Most often it’s simply a fun way of presenting the work I’ve already written to readers, as well as a great place to keep visual research, such as the various 18th Century Clothing boards I maintain. When it comes time for my cover designer to get to work on the cover, I have all the correct period clothing samples he may need to see gathered in one place.
Mostly it’s been a fun aside, but then along came a pin that inspired a scene, another that solved a plot problem in the novel I’m presently working on. But those are firsts. Perhaps I’m just making better use of Pinterest these days. I do enjoy it a lot.
I hope readers who enjoy my books will visit my novel boards https://www.pinterest.com/lorilbenton/ . During the writing of a novel I’m constantly amassing images that remind me of the characters and settings of the book, or daily life in the 18th century as I’ve portrayed it in the story. As the book’s release approaches, I make those pins public for readers.
If you weren’t a writer what would you be?
I’d go back to what I used to do in college and for a few years after, until the writing bug bit back in the early 1990s: wildlife painting. I’d be very rusty though! If I was just too rusty to make a go of that, I might go back to school and get a history degree (18th century, of course). And then what? I’ve discovered I’m not a good teacher. Perhaps I’d work in a museum or a historic site.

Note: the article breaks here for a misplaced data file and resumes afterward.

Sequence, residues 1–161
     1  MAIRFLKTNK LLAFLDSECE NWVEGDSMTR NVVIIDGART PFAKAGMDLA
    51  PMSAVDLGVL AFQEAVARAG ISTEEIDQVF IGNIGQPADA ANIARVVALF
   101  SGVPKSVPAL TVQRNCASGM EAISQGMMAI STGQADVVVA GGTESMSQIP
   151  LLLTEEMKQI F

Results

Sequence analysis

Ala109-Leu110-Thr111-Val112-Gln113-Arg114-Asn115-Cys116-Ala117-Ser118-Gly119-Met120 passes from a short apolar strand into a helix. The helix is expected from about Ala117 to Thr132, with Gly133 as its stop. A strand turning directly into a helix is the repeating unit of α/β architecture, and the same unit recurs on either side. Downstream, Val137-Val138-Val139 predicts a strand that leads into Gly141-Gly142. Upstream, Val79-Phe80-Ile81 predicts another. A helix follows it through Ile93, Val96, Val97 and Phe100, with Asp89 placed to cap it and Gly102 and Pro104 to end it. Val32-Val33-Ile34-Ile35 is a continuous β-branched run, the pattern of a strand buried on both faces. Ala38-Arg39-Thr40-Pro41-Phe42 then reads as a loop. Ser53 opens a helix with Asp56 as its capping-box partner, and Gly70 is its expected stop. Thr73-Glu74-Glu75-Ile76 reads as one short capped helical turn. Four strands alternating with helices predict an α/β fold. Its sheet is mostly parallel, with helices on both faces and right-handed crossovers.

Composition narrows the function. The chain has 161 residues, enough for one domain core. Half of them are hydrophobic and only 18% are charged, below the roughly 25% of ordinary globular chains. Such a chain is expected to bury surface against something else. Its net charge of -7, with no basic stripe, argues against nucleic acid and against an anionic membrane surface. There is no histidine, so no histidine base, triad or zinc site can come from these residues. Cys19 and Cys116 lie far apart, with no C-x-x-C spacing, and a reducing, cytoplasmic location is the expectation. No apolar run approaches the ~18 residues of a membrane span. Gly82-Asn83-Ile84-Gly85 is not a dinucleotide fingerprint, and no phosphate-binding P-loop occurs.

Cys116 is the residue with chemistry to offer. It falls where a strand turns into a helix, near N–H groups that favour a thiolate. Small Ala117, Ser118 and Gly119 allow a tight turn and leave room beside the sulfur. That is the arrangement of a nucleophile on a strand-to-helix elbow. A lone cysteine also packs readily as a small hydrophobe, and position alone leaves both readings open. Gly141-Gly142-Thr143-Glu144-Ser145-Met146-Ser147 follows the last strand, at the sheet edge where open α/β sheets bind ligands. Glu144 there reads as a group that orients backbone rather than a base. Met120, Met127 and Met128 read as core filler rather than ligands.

Do you have any favorite books on the craft of writing?
There’s a longer list in the sidebar on my website, but here are four of my favorites:
Wired For Story by Lisa Cron
The Art and Craft of Writing Historical Fiction by James Alexander Thom
The Art of War by Steven Pressfield (this one is motivational rather than craft-related, but if it doesn’t motivate you nothing will!)
The Fire in Fiction by Donald Maass
And because I’m in the middle of writing, rewriting, re-rewriting, crying, binging on chocolate, threatening to give up, then starting over on my query, Is there anything you can share about queries or your query process?
I haven’t written a query in a long time now, and perhaps I’m not the best one to give advice, since for twenty years my queries resulted in nothing but rejections. I had a very different path to that first open door with my literary agent—I won top spot on her slush pile via a contest held by a group of her clients who blogged together. Those clients passed along my winning first chapter to their agent (who happened to be my dream agent), which led to said agent requesting the entire manuscript, which led to her offering me representation. Which goes to show that for an unpublished writer some surprising doors can open simply by engaging with other writers online.
As for writing queries, I recall picking up tips by following literary agent blogs years ago. They almost all touch on query writing eventually (not to mention what each are looking to represent). Like any profession, the business aspects of writing for publication need to be studied (as much as we right-brained artistic types might wish this wasn’t true!), but it’s far easier to educate oneself about the publishing business than it was when I got serious about it (1991). I didn’t have a computer and had never heard of email (much less the internet). Now there’s so much information at our fingertips, and a world of support and community. It’s a great time to be a writer, no matter where you are on your journey.
Lori has offered a signed copy of the book to one lucky winner. Sorry, but the contest is open to US residents only. If you want to be entered, please leave a comment saying so.
Congrats on your new book, Lori!